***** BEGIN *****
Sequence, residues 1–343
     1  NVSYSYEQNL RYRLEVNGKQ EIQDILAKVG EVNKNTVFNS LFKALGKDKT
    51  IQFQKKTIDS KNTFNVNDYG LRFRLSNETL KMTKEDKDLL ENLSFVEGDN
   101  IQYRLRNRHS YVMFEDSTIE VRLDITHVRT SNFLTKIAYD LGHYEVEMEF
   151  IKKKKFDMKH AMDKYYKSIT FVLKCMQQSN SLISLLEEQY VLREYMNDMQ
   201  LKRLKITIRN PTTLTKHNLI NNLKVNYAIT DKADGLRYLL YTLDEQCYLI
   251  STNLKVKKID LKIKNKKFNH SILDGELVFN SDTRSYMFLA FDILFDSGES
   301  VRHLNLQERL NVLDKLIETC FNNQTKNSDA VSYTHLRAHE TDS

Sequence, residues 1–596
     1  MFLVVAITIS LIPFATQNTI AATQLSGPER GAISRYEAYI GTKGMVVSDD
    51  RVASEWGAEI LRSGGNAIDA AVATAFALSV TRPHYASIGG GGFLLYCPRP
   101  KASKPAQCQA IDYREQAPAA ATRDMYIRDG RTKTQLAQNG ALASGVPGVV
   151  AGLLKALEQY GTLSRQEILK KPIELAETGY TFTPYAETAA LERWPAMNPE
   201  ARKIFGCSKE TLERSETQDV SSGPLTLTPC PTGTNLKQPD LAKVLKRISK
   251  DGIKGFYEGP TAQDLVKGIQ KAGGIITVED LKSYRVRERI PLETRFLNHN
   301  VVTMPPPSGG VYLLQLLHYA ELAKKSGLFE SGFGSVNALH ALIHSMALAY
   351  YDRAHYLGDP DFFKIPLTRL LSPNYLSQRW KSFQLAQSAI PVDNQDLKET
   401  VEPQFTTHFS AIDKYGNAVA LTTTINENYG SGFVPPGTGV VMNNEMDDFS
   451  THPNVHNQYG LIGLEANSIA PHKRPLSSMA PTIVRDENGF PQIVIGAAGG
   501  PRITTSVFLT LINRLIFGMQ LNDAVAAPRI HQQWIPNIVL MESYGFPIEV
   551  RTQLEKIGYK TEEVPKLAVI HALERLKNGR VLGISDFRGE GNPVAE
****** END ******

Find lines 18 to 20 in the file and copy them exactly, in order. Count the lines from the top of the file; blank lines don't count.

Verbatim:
   401  VEPQFTTHFS AIDKYGNAVA LTTTINENYG SGFVPPGTGV VMNNEMDDFS
   451  THPNVHNQYG LIGLEANSIA PHKRPLSSMA PTIVRDENGF PQIVIGAAGG
   501  PRITTSVFLT LINRLIFGMQ LNDAVAAPRI HQQWIPNIVL MESYGFPIEV